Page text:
Helmets for motorcyclists a no-brainer


Riding a motorcycle without a helmet may conjure up images of a cool rider with the wind blowing through his hair.

The reality? A fractured skull, and a bruised and battered face – or worse – are much more likely if a crash occurs.

Since Michigan eased its helmet laws, the number of skull fractures and other head and facial injuries related to motorcycle accidents has doubled, a new study finds.

Double the injury risk

Michigan repealed its universal motorcycle helmet law in 2012. The new law allows riders to go without helmets if they meet criteria for age (over 21), training/experience and insurance coverage.

In South Africa the law pertaining to motorcycle helmets is very clear: "No person shall drive or be a passenger on a motorcycle, motor tricycle or a motor quadrucycle, or be a passenger in the side-car attached to a motor cycle, on a public road, unless he or she is wearing a protective helmet."

The US researchers reviewed motorcyclist injury data for three years before and three years after the change in helmet laws. The study included a total of nearly 4 700 motorcycle trauma patients. They were seen at 29 Michigan trauma centres.

The proportion of motorcycle trauma patients who were riding without helmets more than doubled, from 20% to 44%, during the study period. Compared with those who wore helmets, those who didn't wear helmets were about twice as likely to suffer head and facial injuries, the findings showed.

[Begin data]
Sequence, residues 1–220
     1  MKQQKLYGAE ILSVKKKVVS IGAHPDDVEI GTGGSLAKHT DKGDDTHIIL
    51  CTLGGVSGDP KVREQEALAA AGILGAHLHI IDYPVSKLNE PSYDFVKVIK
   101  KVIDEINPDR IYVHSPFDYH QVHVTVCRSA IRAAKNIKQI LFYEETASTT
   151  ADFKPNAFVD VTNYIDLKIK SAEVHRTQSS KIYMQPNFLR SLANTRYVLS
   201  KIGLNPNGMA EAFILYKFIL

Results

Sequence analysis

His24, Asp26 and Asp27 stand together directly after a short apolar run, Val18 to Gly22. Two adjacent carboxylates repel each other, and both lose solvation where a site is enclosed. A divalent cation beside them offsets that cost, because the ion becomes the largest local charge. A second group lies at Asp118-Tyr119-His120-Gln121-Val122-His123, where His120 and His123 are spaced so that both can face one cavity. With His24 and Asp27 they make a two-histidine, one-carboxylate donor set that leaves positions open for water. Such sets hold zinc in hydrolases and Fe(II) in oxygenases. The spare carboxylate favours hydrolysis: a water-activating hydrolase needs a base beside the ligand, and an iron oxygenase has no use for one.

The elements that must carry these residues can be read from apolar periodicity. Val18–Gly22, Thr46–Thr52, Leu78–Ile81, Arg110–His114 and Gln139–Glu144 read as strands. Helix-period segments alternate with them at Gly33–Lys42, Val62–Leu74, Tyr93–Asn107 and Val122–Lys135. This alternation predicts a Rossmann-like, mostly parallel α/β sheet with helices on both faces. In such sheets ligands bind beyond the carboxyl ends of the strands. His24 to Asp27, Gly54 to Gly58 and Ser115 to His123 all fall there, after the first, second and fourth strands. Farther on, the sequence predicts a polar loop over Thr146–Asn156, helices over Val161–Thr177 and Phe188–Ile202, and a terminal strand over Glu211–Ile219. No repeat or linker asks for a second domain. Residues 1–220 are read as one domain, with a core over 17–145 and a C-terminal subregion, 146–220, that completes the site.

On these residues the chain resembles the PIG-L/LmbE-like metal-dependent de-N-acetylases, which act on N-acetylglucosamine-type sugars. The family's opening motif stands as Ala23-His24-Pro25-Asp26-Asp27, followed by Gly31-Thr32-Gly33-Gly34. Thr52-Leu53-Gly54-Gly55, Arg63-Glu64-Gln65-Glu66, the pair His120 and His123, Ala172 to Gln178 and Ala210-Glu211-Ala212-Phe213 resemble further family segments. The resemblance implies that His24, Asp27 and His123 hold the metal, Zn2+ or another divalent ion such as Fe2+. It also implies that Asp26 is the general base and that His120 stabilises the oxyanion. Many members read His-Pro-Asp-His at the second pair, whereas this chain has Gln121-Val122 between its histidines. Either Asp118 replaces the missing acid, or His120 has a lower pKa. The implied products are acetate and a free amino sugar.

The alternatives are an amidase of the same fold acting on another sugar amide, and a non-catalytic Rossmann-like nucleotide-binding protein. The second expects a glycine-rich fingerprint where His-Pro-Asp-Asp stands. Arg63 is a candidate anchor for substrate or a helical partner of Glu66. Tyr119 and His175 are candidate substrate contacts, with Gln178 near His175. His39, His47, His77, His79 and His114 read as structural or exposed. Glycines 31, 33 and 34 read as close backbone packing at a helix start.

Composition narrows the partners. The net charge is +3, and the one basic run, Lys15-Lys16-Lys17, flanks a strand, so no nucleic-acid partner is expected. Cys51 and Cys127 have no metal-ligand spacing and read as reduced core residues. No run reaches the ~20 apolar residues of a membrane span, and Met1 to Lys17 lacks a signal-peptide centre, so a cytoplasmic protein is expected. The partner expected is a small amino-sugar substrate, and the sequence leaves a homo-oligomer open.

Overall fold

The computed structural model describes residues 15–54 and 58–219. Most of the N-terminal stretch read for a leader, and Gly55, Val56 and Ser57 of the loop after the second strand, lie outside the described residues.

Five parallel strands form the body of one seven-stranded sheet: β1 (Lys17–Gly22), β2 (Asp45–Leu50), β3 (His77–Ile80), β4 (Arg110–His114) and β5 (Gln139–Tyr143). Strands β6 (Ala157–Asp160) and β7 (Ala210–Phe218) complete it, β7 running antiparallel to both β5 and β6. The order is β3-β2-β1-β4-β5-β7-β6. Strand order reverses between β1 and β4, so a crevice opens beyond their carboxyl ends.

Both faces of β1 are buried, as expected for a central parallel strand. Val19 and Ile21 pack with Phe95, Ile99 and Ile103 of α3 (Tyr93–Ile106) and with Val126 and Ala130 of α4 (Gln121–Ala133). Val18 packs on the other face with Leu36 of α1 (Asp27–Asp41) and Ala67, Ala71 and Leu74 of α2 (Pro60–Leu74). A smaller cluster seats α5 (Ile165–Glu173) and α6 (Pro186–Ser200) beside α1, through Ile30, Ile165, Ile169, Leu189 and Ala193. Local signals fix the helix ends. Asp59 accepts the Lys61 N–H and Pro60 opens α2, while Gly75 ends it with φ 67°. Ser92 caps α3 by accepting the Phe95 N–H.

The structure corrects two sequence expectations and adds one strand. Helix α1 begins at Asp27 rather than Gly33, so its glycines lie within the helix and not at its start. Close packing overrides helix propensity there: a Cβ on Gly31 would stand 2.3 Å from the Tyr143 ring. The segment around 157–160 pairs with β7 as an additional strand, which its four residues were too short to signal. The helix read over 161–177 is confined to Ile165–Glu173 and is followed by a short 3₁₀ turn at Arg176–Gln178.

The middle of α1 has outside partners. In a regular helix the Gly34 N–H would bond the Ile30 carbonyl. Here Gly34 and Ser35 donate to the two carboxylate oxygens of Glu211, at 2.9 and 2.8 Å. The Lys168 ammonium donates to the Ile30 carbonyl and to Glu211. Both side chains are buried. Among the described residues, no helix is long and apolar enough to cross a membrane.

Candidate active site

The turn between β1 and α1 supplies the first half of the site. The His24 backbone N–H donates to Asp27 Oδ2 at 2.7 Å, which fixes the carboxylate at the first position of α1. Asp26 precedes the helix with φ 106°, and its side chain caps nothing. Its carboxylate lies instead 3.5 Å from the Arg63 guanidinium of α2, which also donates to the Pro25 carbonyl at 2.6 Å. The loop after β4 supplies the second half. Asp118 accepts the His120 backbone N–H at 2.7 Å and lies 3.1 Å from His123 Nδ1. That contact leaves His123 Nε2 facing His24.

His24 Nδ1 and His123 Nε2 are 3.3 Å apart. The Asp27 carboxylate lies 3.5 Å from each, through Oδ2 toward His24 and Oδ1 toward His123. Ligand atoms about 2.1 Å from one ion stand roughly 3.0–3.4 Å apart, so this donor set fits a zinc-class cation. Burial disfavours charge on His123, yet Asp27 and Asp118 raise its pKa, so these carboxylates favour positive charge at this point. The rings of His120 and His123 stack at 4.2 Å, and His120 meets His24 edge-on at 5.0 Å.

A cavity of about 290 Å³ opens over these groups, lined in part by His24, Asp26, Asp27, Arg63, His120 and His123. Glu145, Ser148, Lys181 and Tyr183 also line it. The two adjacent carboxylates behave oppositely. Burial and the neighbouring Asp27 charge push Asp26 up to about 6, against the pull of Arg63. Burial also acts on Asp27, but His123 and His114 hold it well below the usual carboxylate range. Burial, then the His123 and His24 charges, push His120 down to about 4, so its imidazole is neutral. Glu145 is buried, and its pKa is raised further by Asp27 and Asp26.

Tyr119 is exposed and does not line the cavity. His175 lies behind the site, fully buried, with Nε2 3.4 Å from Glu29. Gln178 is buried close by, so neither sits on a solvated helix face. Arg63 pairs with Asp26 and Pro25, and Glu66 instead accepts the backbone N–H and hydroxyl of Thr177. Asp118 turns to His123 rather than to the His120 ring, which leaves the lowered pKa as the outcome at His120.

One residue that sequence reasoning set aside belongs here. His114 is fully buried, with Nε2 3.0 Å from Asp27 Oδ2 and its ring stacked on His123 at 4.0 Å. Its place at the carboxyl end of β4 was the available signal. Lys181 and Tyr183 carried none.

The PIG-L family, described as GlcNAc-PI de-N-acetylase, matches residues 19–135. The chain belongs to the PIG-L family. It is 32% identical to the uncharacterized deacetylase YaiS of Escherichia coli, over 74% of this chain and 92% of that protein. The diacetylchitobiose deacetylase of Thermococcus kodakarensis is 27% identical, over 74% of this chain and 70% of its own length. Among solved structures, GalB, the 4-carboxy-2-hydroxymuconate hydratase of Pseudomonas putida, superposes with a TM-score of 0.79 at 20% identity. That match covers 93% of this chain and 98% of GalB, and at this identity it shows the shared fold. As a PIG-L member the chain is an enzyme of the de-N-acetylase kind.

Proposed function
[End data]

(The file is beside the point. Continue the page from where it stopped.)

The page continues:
However, in the case of young motocross (rough-terrain motorcycle racing) riders, a study found that helmets do little to ward off serious injury when they crash on the off-road courses.

The rate of head and facial injuries rose from 25.5% under the universal helmet law to 37% under the partial helmet law. That's a 46% increase. There was a 28% increase in fractures and a 56% increase in soft tissue injuries, the investigators found.

Negative impact

Certain types of facial injuries increased significantly after the change in helmet laws, including fractures of the cheekbones, facial cuts, scrapes and bruises. All types of injuries were more common in people who didn't wear helmets, the study authors said.

The study was published in the journal Plastic and Reconstructive Surgery.

"Our study demonstrates the negative impact of weakened motorcycle helmet laws leading to decreased helmet use," study lead author Dr Nicholas Adams said in a journal news release.

He is with the Michigan State University College of Human Medicine and Spectrum Health, Grand Rapids.

Previous studies have shown that helmets prevent nearly 40% of fatal injuries and 13% of nonfatal serious injuries, according to the news release.

However, as many as one in three US motorcyclists don't wear helmets. And that figure is higher in American states without universal helmet laws, the study authors noted.

"We urge state and national legislators to re-establish universal motorcycle helmet laws," Adams said.

Read more:

Helmets a fitting protection

A helmet should fit

Car drivers often unaware of motorcycles

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